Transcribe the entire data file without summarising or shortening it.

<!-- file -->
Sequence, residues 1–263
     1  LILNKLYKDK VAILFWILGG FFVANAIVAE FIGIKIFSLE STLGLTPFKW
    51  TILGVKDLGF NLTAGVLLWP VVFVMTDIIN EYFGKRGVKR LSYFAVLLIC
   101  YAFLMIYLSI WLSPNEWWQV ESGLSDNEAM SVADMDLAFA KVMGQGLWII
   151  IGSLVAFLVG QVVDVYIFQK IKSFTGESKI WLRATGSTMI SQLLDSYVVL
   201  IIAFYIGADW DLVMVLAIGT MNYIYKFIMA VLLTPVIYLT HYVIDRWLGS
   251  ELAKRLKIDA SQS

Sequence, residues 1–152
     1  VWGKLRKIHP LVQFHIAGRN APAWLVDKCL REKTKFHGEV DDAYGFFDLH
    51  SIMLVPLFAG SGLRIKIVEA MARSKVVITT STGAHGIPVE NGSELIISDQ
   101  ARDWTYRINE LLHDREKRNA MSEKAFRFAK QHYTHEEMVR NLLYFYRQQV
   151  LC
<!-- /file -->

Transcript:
Sequence, residues 1–263
     1  LILNKLYKDK VAILFWILGG FFVANAIVAE FIGIKIFSLE STLGLTPFKW
    51  TILGVKDLGF NLTAGVLLWP VVFVMTDIIN EYFGKRGVKR LSYFAVLLIC
   101  YAFLMIYLSI WLSPNEWWQV ESGLSDNEAM SVADMDLAFA KVMGQGLWII
   151  IGSLVAFLVG QVVDVYIFQK IKSFTGESKI WLRATGSTMI SQLLDSYVVL
   201  IIAFYIGADW DLVMVLAIGT MNYIYKFIMA VLLTPVIYLT HYVIDRWLGS
   251  ELAKRLKIDA SQS

Sequence, residues 1–152
     1  VWGKLRKIHP LVQFHIAGRN APAWLVDKCL REKTKFHGEV DDAYGFFDLH
    51  SIMLVPLFAG SGLRIKIVEA MARSKVVITT STGAHGIPVE NGSELIISDQ
   101  ARDWTYRINE LLHDREKRNA MSEKAFRFAK QHYTHEEMVR NLLYFYRQQV
   151  LC